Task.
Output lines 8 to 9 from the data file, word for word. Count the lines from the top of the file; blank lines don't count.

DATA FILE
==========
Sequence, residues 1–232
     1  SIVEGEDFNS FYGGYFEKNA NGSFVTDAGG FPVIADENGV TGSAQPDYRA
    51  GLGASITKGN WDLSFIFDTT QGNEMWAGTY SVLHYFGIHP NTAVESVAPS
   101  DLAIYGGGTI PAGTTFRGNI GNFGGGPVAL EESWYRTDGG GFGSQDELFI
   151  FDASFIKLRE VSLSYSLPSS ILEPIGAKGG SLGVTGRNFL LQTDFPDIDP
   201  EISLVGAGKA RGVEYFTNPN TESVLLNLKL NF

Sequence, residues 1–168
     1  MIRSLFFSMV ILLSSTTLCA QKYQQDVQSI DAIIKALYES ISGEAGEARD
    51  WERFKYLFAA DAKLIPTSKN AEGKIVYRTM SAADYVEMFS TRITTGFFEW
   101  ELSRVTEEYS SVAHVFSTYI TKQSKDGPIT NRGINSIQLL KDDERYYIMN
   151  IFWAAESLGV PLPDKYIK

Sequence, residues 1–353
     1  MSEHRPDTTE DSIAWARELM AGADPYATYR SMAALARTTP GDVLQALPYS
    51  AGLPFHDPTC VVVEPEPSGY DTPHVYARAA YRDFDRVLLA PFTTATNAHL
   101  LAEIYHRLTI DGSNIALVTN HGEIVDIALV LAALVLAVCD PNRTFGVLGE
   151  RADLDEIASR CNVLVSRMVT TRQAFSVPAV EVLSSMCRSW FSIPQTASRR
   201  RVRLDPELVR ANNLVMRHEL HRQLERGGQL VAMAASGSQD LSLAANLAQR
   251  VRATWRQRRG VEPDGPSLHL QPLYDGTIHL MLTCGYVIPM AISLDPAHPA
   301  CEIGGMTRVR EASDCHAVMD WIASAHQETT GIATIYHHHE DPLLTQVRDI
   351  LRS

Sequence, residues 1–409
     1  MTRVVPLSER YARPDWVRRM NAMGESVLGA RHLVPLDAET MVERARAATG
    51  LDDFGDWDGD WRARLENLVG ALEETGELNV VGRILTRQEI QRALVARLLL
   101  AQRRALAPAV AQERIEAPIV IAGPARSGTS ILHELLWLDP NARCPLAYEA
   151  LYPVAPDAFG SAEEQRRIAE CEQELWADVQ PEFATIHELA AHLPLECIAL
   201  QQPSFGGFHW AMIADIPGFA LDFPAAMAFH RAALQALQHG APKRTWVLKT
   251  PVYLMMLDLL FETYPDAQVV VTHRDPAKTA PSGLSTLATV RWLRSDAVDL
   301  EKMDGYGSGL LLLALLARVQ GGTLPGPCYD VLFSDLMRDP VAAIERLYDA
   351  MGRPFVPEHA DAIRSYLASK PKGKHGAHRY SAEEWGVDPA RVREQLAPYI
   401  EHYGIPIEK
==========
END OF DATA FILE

     1  MIRSLFFSMV ILLSSTTLCA QKYQQDVQSI DAIIKALYES ISGEAGEARD
    51  WERFKYLFAA DAKLIPTSKN AEGKIVYRTM SAADYVEMFS TRITTGFFEW